Have Social Media Grammar Police Gone Too Far?

Full disclosure: Every thing I've written has had at least one comma or apostrophe out of place...

Maybe a letter or word omitted in haste when meeting a tight deadline. I'm not proud of the fact, but it goes with the territory. It's not that I'm careless, or couldn't care less as it were, but like many writers I "see" the finished product in my head. I've always known about this shortcoming and praise copy editors as unsung heroes who make us better while preserving the sanctity of the written word in our increasingly video-obsessed society. 

Like the make up artists and camera operators are to the actor, editors and copy editors make us writers look good -- or at least better. (Heck, I even married my copy editor years ago, and not surprisingly, my column and scripts haven't read so messy since we split.)  So in short, writers need copy editors and we should all strive to be grammatically correct when we speak and write. Copy editors value the writer's creativity and are never condescending. That said,...

It's the self-proclaimed social media grammar police with whom I take exception.

That's because they're not actual copy editors - but there is an assumption on their part that correcting the world is their duty. Common abbreviations get a pass as do the unfortunate typos and poorly chosen auto-corrects when sending texts. They find other errors annoying, infuriating, and maybe even relationship deal breakers like this article's comic illustration. The errors somehow seem to negate the message. Just reread the first sentence of this paragraph if you'd like proof that I know the difference of when to use there, their, and they're. It's that often my fingers do not, so cut them a break, they're just poor helpless digits who at times lose their way.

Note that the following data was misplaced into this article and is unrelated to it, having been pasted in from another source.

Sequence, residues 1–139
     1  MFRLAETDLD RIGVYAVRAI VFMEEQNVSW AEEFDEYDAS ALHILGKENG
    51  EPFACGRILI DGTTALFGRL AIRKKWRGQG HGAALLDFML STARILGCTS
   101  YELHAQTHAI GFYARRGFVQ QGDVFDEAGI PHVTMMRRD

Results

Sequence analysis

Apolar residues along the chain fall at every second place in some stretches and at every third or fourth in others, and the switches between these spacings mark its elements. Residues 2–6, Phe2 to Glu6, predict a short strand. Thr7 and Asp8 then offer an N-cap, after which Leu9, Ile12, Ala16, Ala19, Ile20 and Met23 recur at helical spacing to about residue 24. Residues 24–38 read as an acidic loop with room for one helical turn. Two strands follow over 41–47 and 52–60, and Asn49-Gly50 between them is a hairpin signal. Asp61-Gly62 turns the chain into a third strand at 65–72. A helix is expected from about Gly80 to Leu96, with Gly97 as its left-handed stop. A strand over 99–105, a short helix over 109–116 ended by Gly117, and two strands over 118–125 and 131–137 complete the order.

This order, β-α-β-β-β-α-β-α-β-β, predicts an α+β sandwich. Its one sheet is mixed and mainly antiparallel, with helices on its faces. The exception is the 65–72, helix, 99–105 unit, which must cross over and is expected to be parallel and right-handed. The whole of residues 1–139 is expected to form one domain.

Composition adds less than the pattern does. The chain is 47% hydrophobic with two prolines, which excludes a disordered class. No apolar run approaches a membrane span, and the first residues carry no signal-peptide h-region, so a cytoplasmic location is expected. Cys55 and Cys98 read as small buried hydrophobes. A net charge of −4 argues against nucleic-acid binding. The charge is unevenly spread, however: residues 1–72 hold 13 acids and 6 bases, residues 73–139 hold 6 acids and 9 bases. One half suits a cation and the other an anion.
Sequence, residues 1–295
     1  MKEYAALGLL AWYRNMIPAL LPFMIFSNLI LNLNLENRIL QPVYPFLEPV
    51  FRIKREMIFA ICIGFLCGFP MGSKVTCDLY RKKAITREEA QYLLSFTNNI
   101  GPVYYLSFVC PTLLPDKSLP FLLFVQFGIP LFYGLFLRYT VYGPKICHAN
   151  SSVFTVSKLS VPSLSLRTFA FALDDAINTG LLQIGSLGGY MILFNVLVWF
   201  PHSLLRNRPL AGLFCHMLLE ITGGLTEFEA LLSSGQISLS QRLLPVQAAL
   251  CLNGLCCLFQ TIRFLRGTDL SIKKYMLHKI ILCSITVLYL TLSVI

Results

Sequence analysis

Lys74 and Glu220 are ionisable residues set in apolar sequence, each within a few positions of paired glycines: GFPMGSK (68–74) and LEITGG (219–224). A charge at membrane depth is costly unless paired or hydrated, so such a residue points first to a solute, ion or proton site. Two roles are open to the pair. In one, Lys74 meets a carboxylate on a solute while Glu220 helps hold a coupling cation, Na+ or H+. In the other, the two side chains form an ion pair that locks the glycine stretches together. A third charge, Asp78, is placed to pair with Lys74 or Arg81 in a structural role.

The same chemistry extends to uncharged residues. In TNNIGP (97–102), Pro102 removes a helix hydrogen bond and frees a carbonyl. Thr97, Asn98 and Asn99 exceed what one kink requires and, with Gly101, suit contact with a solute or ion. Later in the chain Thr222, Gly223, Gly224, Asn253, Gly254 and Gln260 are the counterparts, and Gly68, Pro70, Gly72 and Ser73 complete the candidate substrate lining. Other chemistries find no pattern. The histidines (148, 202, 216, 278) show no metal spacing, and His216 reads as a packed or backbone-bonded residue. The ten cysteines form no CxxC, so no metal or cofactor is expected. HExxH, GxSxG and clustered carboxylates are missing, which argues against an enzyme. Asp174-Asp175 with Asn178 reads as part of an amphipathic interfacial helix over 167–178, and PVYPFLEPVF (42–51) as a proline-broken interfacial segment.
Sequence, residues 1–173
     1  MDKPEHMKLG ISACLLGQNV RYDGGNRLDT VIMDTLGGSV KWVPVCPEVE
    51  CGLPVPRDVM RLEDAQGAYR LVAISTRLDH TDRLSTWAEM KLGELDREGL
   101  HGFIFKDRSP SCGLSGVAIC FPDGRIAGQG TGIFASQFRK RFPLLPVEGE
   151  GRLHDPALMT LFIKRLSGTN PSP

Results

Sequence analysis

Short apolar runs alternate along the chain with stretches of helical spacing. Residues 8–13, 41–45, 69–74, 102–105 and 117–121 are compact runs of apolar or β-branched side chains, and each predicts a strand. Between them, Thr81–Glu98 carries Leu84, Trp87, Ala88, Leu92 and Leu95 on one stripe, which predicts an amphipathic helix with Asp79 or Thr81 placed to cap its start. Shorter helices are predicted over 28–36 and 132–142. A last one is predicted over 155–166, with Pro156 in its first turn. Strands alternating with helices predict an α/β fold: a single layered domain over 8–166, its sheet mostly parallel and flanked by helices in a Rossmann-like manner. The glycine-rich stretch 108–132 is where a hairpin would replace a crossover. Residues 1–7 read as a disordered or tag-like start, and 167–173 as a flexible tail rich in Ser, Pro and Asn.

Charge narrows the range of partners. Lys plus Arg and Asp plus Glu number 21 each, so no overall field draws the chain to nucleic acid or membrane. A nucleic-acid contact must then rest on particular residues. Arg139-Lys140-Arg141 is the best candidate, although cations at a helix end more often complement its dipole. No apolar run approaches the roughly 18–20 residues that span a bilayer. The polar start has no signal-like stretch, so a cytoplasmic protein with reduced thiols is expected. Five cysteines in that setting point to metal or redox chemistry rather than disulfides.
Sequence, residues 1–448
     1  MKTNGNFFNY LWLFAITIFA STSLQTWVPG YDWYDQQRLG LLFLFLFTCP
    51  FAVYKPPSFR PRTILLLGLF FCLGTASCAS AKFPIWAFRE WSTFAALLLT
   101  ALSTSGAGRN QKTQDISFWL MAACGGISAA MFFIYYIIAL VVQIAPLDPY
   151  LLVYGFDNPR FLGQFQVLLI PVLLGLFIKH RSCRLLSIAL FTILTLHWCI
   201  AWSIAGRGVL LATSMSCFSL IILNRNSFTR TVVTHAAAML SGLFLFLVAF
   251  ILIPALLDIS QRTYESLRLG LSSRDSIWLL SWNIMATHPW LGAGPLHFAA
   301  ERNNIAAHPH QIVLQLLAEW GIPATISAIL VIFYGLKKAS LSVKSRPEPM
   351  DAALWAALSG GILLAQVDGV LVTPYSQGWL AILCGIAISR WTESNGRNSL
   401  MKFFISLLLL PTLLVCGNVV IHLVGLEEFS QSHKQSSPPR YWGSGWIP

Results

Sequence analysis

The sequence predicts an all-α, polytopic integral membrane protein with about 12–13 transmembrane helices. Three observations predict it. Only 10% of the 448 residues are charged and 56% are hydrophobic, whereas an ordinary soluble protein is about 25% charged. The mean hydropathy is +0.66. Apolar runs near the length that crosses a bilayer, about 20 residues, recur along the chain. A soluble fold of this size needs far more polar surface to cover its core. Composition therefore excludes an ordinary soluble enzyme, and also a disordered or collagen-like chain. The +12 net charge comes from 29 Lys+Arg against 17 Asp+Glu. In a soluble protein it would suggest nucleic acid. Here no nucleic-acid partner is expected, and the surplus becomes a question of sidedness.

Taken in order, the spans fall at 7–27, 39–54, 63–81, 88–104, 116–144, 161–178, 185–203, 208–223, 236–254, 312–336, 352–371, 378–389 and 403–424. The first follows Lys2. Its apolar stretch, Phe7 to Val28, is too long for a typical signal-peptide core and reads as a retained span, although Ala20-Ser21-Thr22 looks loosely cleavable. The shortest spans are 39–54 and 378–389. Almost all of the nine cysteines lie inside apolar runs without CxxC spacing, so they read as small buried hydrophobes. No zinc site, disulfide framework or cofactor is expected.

In social media, we'd all love to have flawless Facebook posts, Twitter feeds, blogs and emails, but that's rare. More importantly, it's really not the point. It's called "sharing" for a reason. Don't belittle the point that someone is trying to communicate their thoughts, emotions and opinions (unsolicited or otherwise) to you. And they should be able to express whatever they can as best as they can. 

I'm one of a fortunate few who has made a career at essentially writing. Granting me the courage to do so was a college professor who sat me down after reading a few of my essays in her office that overlooked the Charles River.

"These are exceptional. Why aren't you majoring in writing?," she asked. I looked down, sheepishly.

"I'm a horrible speller and my grammar is atrocious."

"Don't worry about that for now. That will come," she said. "You're a writer."

She was right for the most part. As I write this article, I still struggle with quotation and comma placement or when to use an em- or en-dash. But social media has breathed new life in the written word which before the Internet was all but extinct. We are all writers now.  Imperfect as we are. But we all have a voice. So listen, don't condemn your friends and your children. Otherwise it's you who are guilty of poor etiquette.

Let's applaud and promote good grammar, demand it in our books and articles, but be forgiving of it in our social media. 

The enforcement of social media "netiquette" has gotten so out of hand that their is nothing I enjoy more then to occasionally use grammar ironically too help those who distract to easily to remember: focus on the thoughts and sentiments, as well as the words.

Follow Frank Bocchino, a digital marketing consultant who helps brands exceed their business goals using the latest tools for marketing automation, SEO, and social media.

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